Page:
In response to the above evidence, Plaintiff provided nothing other than unsupported assertions suggesting the possibility that her California attorney might have failed to receive the communications or might have failed to advise Plaintiff or her Florida counsel of Defendant's warning. But such assertions are not evidence. Travaglio v. Am. Exp. Co., 735 F.3d 1266, 1270 (11th Cir. 2013) (“Statements by counsel in briefs are not evidence ․”).5 Moreover, “the burden is on the plaintiff to show that equitable tolling is warranted.” Booth, 522 F.3d at 1150. With no evidence in opposition to that presented by Defendant, Plaintiff clearly failed to shoulder her burden. See Pines v. Warnaco, Inc., 706 F.2d 1173, 1178 (11th Cir. 1983) (rejecting a plaintiff's similar arguments 6 ); 10B Charles Alan Wright & Arthur R. Miller, Federal Practice and Procedure § 2734 (3d ed. 2015) (“[W]hen a summary-judgment motion is based on the running of the applicable statute of limitations and defendant shows that the prescribed period has elapsed, plaintiff may be able to defeat summary judgment by introducing facts, by affidavits or other evidence, raising a genuine issue whether the statute should be suspended. ․ But the motion should not be denied on the mere chance that there might be facts that would toll the statute.”).
Here, Plaintiff was specifically warned by Defendant that the latter intended to enforce the forum-selection clause, but Plaintiff chose to ignore that warning by filing suit in an incorrect forum, which decision directly led to the need to file suit late in the correct forum. If, on these facts, a plaintiff could circumvent the forum-selection clause, the forum-selection clause would lose much of its force, leading to the unnecessary expenditure of resources by courts and litigants. See Carnival Cruise Lines, Inc. v. Shute, 499 U.S. 585, 593–94 (1991) (“[A] clause establishing ex ante the forum for dispute resolution has the salutary effect of dispelling any confusion about where suits arising from the contract must be brought and defended, sparing litigants the time and expense of pretrial motions to determine the correct forum and conserving judicial resources that otherwise would be devoted to deciding those motions.”)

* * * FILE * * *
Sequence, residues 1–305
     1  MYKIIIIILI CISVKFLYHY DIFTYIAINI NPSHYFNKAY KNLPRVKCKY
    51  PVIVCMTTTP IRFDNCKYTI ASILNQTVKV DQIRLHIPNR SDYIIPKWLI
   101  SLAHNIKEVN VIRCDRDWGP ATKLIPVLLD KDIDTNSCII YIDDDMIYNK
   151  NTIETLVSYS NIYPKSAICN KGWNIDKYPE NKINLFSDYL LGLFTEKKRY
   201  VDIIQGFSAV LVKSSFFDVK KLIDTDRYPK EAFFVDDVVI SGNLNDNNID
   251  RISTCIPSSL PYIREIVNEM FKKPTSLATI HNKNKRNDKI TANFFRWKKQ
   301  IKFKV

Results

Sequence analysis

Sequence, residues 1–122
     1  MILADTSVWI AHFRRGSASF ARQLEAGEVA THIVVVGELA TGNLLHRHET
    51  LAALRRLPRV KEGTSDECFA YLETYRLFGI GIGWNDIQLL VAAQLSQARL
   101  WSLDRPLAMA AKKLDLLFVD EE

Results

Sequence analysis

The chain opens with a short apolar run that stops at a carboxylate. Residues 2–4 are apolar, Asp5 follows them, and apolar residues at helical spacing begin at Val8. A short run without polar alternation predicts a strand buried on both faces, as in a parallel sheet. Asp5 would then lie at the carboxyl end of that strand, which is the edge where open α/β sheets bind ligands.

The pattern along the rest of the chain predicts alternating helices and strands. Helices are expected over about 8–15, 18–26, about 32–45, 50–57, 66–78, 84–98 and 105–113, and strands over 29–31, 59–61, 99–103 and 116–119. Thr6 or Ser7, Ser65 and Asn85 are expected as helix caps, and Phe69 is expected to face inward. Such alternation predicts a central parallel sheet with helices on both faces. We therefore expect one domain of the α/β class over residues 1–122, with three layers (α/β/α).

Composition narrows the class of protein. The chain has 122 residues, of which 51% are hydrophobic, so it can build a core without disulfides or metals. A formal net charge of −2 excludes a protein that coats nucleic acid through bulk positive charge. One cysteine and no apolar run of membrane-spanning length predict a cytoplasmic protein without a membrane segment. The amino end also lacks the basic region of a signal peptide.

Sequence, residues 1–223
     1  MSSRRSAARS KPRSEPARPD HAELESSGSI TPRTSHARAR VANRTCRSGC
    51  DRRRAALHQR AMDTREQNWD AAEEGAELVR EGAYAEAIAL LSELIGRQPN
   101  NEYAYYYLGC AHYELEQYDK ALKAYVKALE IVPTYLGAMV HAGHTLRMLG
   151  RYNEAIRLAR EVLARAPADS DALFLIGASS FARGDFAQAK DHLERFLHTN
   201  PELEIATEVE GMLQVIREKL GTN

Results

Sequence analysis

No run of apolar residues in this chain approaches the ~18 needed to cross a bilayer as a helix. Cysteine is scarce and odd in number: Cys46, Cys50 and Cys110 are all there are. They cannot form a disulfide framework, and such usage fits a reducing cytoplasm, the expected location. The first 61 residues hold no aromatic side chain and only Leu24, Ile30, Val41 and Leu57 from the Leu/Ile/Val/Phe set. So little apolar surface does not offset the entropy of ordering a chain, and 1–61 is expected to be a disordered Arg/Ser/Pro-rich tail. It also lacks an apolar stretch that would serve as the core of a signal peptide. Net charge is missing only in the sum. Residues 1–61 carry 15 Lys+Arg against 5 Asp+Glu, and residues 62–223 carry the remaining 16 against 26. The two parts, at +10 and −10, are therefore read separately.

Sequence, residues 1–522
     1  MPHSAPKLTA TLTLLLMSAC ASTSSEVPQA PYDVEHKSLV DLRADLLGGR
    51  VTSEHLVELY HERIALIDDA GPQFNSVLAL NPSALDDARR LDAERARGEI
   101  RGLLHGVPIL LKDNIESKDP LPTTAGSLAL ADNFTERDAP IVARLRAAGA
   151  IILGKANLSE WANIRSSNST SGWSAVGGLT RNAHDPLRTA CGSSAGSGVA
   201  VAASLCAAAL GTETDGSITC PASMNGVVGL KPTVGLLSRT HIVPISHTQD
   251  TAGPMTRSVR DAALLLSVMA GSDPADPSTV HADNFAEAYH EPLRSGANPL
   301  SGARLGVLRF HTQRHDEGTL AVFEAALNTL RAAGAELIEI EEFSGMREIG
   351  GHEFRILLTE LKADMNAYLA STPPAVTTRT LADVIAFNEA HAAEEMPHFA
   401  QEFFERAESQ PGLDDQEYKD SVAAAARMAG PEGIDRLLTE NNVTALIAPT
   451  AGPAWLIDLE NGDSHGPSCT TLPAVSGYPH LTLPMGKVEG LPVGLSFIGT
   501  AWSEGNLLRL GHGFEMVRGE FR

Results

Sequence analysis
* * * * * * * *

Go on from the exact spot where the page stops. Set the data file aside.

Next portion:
After having been warned by Defendant that it intended to enforce the forum-selection clause, Plaintiff nonetheless sued Defendant in the wrong forum. Plaintiff finally sued Defendant in the correct forum, but did so after expiration of the limitations period. We find that equitable tolling does not apply under these circumstances. Accordingly, we AFFIRM.